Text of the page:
Infamous OxyContin-maker Purdue Pharma used front organizations and sponsored research to deceive the World Health Organization and corrupt global public health policies with the goal of boosting international opioid sales and profits, according to a Congressional report(PDF) released Thursday, May 22.
A new Housing and Urban Development rule would roll back Obama-era protections for transgender people.
If someone at your police department has leaked a sensitive documents, how should you respond?
A. Conduct an internal investigation to find the source of the leak
B. Raid a journalist’s home
If you’re the San Francisco Police Department, you do both.
Twenty leading drug companies—including Teva Pharmaceuticals, Pfizer, Novartis, and Mylan—were in cahoots for years to fix and dramatically inflate the prices of more than 100 generic drugs, in some cases to raising prices “well over 1,000 percent,” according to a lawsuit filed late last week by 44 states.The alleged scheme was intended to ensure that each company was a “responsible competitor” who was “playing nice in the sandbox” to get its “fair share” of profits from the drugs. Those drugs included pills, capsules, ointments, and cream. They range from oral antibiotics, blood thinners, cancer drugs, contraceptives, statins, anti-inflammatory drugs, anti-depressants, blood pressure medications, drugs used to treat HIV, and drugs for ADHD. A full list of the generic drugs can be found here.”We all know that prescription drugs can be expensive,” said New Jersey Attorney General Gurbir S. Grewal in a statement. “Now we know that high drug prices have been driven in part by an illegal conspiracy among generic drug companies to inflate their prices.”
JOURNALISTS IN FRANCE are facing potential jail sentences in an unprecedented case over their handling of secret documents detailing the country’s involvement in the Yemen conflict.Earlier this week, a reporter from Radio France and the co-founders of Paris-based investigative news organization Disclose were called in for questioning at the offices of the General Directorate for Internal Security, known as the DGSI. The agency is tasked with fighting terrorism, espionage, and other domestic threats, similar in function to the FBI in the United States.The two news organizations published stories in April — together with The Intercept, Mediapart, ARTE Info, and Konbini News — that revealed the vast amount of French, British, and American military equipment sold to Saudi Arabia and the United Arab Emirates, and subsequently used by those nations to wage war in Yemen.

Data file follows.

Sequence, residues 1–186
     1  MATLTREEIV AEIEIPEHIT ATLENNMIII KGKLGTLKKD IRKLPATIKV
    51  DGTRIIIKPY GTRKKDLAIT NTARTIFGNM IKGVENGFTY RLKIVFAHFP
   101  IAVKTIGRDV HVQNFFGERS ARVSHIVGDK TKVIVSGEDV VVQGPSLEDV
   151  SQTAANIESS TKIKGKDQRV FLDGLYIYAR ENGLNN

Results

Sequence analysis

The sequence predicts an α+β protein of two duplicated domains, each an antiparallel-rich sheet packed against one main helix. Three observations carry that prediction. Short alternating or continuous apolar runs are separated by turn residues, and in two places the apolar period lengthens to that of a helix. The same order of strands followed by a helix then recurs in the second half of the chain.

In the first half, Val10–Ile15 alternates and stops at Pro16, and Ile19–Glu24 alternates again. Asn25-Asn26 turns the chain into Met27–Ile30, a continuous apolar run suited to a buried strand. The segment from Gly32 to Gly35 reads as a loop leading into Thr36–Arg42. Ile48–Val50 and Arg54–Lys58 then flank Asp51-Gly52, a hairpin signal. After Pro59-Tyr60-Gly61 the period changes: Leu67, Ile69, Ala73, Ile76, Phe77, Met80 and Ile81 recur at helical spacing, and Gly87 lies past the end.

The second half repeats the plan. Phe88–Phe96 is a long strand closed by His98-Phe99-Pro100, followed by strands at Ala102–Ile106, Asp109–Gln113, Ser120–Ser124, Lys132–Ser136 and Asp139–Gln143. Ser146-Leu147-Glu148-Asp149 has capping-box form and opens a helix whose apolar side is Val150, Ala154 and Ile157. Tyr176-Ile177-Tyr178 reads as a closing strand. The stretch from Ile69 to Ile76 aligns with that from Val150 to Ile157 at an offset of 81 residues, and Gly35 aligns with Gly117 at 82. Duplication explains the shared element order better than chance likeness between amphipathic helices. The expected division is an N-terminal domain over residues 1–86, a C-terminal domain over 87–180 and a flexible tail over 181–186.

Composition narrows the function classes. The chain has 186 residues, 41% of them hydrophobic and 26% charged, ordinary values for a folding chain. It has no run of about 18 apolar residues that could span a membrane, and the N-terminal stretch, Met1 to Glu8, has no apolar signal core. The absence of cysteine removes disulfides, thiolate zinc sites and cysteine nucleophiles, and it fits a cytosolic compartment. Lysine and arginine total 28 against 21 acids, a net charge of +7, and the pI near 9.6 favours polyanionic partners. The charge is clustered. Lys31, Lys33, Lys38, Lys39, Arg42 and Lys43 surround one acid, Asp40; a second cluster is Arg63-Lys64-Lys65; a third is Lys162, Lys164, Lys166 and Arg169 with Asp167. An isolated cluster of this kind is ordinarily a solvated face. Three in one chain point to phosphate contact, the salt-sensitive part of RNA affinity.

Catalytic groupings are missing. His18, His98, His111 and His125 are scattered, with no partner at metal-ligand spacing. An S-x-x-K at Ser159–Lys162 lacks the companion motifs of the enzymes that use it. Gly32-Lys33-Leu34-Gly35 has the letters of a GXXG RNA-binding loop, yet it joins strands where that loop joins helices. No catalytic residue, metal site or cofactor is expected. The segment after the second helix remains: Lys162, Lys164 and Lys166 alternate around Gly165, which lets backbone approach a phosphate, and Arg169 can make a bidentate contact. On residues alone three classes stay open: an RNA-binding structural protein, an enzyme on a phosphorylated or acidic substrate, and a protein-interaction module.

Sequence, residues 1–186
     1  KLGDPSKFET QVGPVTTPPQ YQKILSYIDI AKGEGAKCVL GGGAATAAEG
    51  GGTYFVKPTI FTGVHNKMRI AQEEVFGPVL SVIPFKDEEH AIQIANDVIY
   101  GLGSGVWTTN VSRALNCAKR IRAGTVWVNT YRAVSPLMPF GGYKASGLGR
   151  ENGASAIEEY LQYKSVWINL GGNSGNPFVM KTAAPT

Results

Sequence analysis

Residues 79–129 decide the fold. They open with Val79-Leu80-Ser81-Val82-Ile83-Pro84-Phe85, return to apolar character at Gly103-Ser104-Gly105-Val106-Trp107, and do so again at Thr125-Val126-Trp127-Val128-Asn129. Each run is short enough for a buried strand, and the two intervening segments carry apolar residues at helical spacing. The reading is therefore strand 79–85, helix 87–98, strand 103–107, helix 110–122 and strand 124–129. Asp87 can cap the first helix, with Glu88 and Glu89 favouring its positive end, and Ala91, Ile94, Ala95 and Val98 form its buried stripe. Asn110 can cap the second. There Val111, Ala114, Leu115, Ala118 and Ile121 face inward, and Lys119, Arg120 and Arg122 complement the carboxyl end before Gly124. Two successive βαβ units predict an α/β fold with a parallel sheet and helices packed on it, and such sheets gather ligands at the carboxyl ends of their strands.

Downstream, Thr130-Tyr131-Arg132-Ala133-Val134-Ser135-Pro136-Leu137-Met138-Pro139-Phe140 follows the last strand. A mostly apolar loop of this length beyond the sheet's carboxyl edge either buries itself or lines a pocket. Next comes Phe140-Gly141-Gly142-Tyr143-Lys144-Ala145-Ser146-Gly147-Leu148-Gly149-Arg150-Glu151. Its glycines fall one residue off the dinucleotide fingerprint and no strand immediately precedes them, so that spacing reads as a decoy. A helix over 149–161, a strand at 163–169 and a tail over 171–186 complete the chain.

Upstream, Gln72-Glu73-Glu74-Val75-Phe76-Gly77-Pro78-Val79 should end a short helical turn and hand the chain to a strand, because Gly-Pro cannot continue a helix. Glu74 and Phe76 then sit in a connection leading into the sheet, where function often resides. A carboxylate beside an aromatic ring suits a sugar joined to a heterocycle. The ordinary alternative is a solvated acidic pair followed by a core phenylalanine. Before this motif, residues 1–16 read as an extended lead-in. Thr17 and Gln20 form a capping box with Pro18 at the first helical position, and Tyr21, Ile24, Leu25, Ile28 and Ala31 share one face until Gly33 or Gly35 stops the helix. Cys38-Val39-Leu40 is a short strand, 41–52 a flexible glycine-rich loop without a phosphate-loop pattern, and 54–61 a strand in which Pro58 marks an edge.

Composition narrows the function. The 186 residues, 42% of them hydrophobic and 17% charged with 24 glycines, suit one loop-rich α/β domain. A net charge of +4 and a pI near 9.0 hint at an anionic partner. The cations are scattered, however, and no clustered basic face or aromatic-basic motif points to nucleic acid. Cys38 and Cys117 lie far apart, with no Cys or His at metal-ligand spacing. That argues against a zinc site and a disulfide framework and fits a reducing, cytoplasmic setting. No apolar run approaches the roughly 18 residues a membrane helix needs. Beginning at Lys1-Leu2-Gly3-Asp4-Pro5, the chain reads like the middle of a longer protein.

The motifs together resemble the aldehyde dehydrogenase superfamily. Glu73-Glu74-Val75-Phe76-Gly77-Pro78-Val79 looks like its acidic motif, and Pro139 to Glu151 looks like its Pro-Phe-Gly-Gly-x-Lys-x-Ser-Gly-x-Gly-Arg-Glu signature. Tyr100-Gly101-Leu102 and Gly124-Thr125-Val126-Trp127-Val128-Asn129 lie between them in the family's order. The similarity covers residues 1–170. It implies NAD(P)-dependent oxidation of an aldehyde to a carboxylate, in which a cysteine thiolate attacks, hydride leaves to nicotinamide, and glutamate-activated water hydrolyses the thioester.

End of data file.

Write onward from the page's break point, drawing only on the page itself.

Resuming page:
A former Michigan state trooper was convicted of involuntary manslaughter on Wednesday, nearly two years after he fired a Taser at a teenager on an all-terrain vehicle who then crashed and died.The teenager, Damon Grimes, 15, was illegally riding the A.T.V. in a residential area of Detroit in August 2017. State police officers followed in a patrol car to get him to pull over. When he did not immediately do so, the officer in the passenger seat of the patrol car pulled out his Taser and stunned Damon.Video footage of the episode showed the A.T.V. veering toward the side of the road. The teenager crashed into the back of a parked truck and died shortly thereafter.
It’s the trademark story that simply won’t go away and in which the legal system appears to get everything wrong. The saga of the San Diego Comic-Con’s legal adventures against what was formerly the Salt Lake Comic Con (now rebranded as FanX Salt Lake Comic Convention) has been brutally frustrating. The whole thing started when the SDCC decided somewhat out of the blue to begin enforcing a trademark it had been granted for “Comic-Con” against the Utah production. The trademark original sin of this story began all the way back with the USPTO, which absurdly granted the SDCC its trademark for a purely descriptive term, one which is only unrecognizable as such due to the shortening of the second word from “convention” to “con.” Despite that, the trademark suit brought against the Salt Lake Comic Con somehow ended in a win by jury for the SDCC, which was awarded only $20k. In the trial, SLCC had pointed out several times that the term “comic-con” was both descriptive in nature and clearly had been abandoned by SDCC, evidenced by the long list of other comic conventions going by the term carried out throughout the country.
In a case of mistaken identity, Baltimore police fired 44 shots at Keith Davis Jr., hitting him three times. He now faces his fourth trial for murder.
We have had the same here at IgnorantAndUnreasonable
Dear Google RTBF reviewer (who I’m sure will be reading this soon): Under the terms of the GDPR, you are only supposed to agree to a content removal if what we are publishing is “personal data” that is no longer necessary, and (importantly, please read this, guys) that is not “for exercising the right of freedom of expression and information” or “for archiving purposes in the public interest, scientific or historical research purposes….” This post, like the last few, are news stories that are in the public interest, specifically about how someone is abusing the GDPR’s “right to erasure” process to delete news reports about his abuse of the GDPR “right to erasure” process. This story is not about anything earlier that Thomas Goolnik may or may not have done. It is about what he did within the last few days. It is not old. It is not no longer relevant. It is directly relevant, and this post should not be subject to any GDPR right to erasure claims.Dear Thomas Goolnik: Seriously dude? How much longer is this going to go on? It is legal for a news report to mention your name. We’re not even talking about the original think you want forgotten. We’re talking about what you’ve been up to the past few years trying to get everyone to forget the thing you want forgotten. Maybe let it go.